A Coaching Power Tool Created by Hannah Harrold
(Dual Language Instructional Coach, UNITED STATES)
“Rubbernecking” is a term used in the United States to describe the phenomenon of drivers who crane their necks to get a better glimpse of a car accident as they pass by it. In heavy Chicago traffic, not far from where I live, rubbernecking results in “gaper’s delays”. These back-ups are not caused by the accident itself but from the distracted drivers slowing down to examine the wreckage. I’ve succumbed to the same morbid curiosity.
I propose it is my distance from the accident that makes me feel welcome to gawk. I am far enough away to be assured I am not needed at the scene. Separated by the metal body of my vehicle, a lane of traffic, and an emergency crew, I am granted permission to be a passive observer.
Consider how different my response to the accident would be if I’d been the driver of one of the vehicles involved or a witness to the crash itself. The closer I physically am to the scene, the more emotionally invested I become and the less luxury I have to gawk. Proximity forces me to see the details too clearly to remain a passive observer. I may see that someone is hurt, the engine may still be running and need to be turned off before a fire erupts, a child may need help getting out of a car seat. Proximity clarifies the details of the problem and alludes to their repercussions. I am compelled to consider personal action when I am close.
Conversely, the farther away from the scene I am, the more likely I am to make judgments without engaging in solutions. I don’t see all the details; I feel less compelled to engage. I may conclude that this problem is not mine. Of course, one’s role is at play as well. A passing off-duty police officer or EMT may feel more compelled to engage than a passing baker or hairdresser. But even that idea only goes so far. Imagine the passing baker sees a neighbor or cousin involved in the crash. Proximity to those being involved in the situation is likely to overcome the baker’s otherwise defined role.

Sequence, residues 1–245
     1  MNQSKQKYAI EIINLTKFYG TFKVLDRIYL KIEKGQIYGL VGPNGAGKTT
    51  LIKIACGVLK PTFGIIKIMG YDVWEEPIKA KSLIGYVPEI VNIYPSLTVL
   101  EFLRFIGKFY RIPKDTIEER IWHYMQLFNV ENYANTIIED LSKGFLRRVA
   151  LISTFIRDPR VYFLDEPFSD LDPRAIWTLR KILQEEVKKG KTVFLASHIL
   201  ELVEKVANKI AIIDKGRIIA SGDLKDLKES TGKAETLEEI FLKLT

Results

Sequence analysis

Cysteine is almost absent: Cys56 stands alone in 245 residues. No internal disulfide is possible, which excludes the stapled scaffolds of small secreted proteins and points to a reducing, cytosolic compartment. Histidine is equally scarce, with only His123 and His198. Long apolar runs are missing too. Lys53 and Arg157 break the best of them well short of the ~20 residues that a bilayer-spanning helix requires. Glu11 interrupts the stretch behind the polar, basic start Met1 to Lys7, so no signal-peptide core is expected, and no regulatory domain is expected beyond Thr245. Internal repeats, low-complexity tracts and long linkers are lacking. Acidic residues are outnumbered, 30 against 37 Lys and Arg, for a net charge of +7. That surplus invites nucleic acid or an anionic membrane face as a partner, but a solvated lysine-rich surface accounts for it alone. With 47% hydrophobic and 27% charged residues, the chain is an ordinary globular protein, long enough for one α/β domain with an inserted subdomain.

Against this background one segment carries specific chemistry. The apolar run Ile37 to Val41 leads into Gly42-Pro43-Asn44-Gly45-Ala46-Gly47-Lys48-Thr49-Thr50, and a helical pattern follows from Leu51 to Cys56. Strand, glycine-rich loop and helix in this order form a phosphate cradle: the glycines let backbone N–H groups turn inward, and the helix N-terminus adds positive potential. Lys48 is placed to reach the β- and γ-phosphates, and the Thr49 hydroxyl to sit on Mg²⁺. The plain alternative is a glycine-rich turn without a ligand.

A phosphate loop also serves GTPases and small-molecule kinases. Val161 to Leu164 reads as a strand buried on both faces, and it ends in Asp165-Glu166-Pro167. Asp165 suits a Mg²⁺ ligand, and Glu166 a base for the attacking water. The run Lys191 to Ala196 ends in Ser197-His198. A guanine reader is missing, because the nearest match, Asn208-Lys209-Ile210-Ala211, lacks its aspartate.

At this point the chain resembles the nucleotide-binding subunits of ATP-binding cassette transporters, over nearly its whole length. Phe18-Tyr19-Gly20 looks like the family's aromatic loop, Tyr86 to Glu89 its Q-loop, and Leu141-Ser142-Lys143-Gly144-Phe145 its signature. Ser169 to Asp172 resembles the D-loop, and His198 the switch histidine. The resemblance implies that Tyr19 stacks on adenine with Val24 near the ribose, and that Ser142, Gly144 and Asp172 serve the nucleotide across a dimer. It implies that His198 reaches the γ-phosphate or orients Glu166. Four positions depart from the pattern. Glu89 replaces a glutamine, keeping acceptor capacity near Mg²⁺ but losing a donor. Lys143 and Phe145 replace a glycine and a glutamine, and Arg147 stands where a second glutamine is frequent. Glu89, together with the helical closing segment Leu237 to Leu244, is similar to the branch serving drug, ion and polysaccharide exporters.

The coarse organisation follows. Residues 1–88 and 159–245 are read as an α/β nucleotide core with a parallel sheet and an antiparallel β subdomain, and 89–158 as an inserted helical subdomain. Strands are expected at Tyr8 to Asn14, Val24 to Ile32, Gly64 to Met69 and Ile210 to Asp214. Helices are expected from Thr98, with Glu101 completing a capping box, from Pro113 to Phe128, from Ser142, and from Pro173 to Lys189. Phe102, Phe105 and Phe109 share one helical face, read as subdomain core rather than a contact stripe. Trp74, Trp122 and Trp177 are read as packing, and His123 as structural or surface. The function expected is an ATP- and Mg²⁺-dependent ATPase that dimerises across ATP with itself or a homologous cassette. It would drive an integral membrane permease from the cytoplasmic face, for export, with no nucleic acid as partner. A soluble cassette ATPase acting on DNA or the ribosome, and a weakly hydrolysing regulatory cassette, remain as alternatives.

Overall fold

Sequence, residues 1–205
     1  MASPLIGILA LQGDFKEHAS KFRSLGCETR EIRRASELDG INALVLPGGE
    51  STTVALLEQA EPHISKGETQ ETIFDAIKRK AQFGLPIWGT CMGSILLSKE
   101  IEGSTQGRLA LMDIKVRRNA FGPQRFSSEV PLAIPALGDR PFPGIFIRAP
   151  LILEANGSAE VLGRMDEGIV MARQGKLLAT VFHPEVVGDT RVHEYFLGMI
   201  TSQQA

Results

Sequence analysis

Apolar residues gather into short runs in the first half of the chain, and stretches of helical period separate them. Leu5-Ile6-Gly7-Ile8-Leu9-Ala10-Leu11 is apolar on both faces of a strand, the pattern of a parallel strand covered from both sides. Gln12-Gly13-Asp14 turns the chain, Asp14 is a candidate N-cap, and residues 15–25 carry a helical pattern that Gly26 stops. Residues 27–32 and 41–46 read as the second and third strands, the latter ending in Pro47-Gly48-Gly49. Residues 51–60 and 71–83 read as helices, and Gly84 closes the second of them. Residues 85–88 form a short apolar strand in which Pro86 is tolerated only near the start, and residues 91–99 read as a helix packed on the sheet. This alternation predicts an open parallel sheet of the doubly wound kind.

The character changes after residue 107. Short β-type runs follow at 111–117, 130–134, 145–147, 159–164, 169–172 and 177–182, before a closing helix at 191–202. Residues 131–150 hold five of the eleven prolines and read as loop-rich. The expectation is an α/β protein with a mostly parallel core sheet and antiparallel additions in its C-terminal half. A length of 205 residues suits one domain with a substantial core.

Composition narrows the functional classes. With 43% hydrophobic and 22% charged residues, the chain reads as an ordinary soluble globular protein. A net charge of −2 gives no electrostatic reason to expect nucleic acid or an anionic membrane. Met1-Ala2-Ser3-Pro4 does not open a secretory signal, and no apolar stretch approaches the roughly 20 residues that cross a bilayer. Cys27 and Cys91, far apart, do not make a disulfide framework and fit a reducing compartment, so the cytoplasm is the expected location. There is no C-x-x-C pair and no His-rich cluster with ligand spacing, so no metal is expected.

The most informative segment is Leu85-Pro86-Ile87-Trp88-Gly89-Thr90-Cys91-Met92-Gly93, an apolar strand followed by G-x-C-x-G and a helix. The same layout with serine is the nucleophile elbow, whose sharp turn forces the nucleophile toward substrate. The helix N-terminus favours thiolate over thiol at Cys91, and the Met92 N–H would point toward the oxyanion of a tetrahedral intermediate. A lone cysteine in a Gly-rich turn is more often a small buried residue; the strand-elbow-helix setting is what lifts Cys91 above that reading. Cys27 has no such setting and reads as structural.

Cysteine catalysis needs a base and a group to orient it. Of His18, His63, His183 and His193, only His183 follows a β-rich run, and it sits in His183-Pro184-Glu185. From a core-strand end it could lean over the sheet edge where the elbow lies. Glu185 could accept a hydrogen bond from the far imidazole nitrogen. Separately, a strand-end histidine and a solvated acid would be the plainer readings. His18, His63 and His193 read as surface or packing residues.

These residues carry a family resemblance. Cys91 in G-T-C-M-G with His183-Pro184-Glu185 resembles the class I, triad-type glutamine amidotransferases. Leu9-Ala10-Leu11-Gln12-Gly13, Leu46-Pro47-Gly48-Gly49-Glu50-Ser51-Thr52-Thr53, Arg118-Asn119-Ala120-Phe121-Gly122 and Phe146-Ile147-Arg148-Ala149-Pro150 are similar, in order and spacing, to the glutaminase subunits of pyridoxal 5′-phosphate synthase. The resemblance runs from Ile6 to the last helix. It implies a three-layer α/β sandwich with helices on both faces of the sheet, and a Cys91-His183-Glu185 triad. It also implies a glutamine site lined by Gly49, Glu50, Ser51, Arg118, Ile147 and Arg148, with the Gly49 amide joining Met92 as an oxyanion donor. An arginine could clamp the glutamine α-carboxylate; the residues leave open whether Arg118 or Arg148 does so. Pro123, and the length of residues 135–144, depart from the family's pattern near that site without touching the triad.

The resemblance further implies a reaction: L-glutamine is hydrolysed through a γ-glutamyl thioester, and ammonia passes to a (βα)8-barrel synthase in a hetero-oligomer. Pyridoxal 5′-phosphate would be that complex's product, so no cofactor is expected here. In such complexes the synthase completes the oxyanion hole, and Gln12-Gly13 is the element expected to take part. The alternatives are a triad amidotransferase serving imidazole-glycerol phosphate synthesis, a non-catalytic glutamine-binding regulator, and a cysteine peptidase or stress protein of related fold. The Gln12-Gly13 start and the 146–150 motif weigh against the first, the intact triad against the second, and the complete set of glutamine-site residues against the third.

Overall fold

“Rubbernecking” is a commonly occurring phenomenon in work environments, too. Car wrecks of the workplace are synonymous with system breakdowns or systemic injustices, unmet expectations, poorly functioning leadership, or ineffective teaming. Here, too, it is evident at first glance that a problem exists, though the details of exactly what the problem is maybe cloudy, let alone the cause of the issue or the extent of the damage. Proximity or distance remains a major factor in who takes the responsibility for getting directly involved in seeking solutions and who observes passively from afar.
So how does one know if he or she is proximate to a problem in the workplace? On the highway, I refer to distance in the physical sense of space, but in the workplace, one may find a person’s distance or proximity to a problem to include a great deal of nuance. Rather than understanding proximity in terms of how close one is to the problem, consider that each of us can mentally or emotionally move toward or away from a problematic situation, thus our proximity is our choice.
Proximity to a situation is not reserved for those in leadership. Proximity to or distance from a situation is fluid, choice-driven, and inclusive. There will be first responders and rubberneckers, which may or may not correlate with a job title or assigned role.
Proximity to a problem in the workplace involves the:
- Willingness to accept that a problem has major repercussions
- Acknowledgment of who will face repercussions
- An honest assessment of who holds power in the situation
- Curiosity about all the causes or components of the problem
- Desire to view the problem from multiple angles